, Volume 40, Issue 1, pp 92–99 | Cite as

Reconfiguration of NKT Cell Subset Compartment Is Associated with Plaque Development in Patients with Carotid Artery Stenosis

  • Lun Cai
  • Lei Yu
  • Sa Liu
  • Tongxun Li
  • Xiaoping Zhang
  • Wei Cui
  • Jie Du
  • Qinyi ZhangEmail author


Accumulating evidence shows that immune cells play an important role in carotid atherosclerotic plaque development. In this study, we assessed the association of 6 different natural killer T (NKT) cell subsets, based on CD57 and CD8 expression, with risk for development of carotid atherosclerotic plaque (CAP). Molecular expression by peripheral NKT cells was evaluated in 13 patients with high-risk CAP and control without carotid stenosis (n = 18). High-risk CAP patients, compared with healthy subjects, had less percentage of CD57+CD8− NKT cell subsets (8.64 ± 10.15 versus 19.62 ± 10.8 %; P = 0.01) and CD57+CD8int NKT cell subsets (4.32 ± 3.04 versus 11.87 ± 8.56 %; P = 0.002), with a corresponding increase in the CD57−CD8high NKT cell subsets (33.22 ± 11.87 versus 18.66 ± 13.68 %; P = 0.007). Intracellular cytokine staining showed that CD8+ NKT cell subset was the main cytokine-producing NKT cell. Cytokine production in plasma was measured with Bio-Plex assay. The expression levels of pro-inflammatory mediators (IFN-γ, IL-17, IP-10) were significantly higher in CAP patients as compared to that from controls. These data provide evidence that NKT cell subset compartment reconfiguration in patients with carotid stenosis seems to be associated with the occurrence of carotid atherosclerotic plaque and suggest that both pathogenic and protective NKT cell subsets exist.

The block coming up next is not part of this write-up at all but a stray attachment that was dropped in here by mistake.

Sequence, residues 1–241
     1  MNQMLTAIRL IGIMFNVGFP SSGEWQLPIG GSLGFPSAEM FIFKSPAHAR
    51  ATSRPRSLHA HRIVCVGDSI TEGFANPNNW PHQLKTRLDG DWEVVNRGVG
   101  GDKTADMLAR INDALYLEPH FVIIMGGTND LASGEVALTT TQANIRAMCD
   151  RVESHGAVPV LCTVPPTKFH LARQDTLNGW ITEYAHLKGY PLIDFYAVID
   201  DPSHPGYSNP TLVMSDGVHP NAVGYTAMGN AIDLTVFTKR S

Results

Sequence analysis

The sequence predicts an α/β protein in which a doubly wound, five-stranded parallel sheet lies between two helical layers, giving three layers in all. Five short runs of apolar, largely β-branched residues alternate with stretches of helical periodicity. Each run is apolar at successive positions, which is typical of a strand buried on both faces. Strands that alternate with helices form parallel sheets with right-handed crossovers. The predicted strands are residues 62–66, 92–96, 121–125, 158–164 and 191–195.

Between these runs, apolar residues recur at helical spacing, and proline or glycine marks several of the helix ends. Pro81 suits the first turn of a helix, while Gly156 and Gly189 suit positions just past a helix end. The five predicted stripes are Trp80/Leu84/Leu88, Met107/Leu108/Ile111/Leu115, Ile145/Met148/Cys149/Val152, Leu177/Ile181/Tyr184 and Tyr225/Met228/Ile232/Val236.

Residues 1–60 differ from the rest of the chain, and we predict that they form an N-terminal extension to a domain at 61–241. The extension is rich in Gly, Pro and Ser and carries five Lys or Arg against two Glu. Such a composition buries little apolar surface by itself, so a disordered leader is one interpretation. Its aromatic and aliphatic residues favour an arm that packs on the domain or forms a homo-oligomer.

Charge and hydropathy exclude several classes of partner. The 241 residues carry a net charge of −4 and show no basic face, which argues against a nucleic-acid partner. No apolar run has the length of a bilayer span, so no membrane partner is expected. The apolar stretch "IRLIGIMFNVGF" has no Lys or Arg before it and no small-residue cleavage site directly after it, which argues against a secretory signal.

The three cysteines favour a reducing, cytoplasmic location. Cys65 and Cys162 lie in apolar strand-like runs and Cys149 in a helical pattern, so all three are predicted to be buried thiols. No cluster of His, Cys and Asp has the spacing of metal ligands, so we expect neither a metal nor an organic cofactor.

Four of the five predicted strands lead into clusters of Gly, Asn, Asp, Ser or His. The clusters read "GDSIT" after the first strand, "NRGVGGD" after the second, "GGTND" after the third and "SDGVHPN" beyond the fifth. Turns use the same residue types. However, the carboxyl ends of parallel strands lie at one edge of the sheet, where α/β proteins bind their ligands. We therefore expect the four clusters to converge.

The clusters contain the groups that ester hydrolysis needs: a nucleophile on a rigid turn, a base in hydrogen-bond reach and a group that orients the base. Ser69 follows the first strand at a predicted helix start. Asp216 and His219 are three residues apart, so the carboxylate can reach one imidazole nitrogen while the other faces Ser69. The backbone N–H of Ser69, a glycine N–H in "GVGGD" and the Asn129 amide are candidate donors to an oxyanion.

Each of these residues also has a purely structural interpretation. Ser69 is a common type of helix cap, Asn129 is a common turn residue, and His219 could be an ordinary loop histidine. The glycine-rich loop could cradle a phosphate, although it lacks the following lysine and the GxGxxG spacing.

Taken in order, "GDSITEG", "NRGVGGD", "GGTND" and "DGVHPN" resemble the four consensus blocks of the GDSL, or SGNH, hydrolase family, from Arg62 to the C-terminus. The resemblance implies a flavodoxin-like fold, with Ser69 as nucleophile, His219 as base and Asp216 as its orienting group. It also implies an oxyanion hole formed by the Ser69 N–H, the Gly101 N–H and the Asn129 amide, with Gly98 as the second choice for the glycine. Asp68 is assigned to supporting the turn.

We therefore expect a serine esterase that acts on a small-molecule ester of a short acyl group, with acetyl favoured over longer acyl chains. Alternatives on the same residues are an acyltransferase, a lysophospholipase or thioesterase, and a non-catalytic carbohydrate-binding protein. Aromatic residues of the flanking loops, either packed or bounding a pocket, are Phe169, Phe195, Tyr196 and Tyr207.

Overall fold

carotid artery stenosis natural killer T cell subsets reconfiguration inflammation 



This study was supported by the Open Project of Key Laboratory of Ministry of Education (2013XXGB02).

Compliance with Ethical Standards

The study was approved by the Ethics Committee and written informed consent was obtained from all participants. All experiments were performed in accordance with relevant guidelines and regulations, and the plasma was stored at −80 °C until analysis in the approved biobank.

Conflicts of Interest

The authors declare that they have no conflict of interest.


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Copyright information

© Springer Science+Business Media New York 2016

Authors and Affiliations

  • Lun Cai
    • 1
  • Lei Yu
    • 2
  • Sa Liu
    • 1
  • Tongxun Li
    • 2
  • Xiaoping Zhang
    • 1
  • Wei Cui
    • 1
  • Jie Du
    • 1
  • Qinyi Zhang
    • 2
    Email author
  1. 1.The Key Laboratory of Remodeling-Related Cardiovascular Diseases, Ministry of Education, Beijing Institute of Heart, Lung and Blood Vessel Disease, Beijing Anzhen HospitalCapital Medical UniversityBeijingChina
  2. 2.Stroke Center, Beijing Anzhen HospitalCapital Medical UniversityBeijingChina

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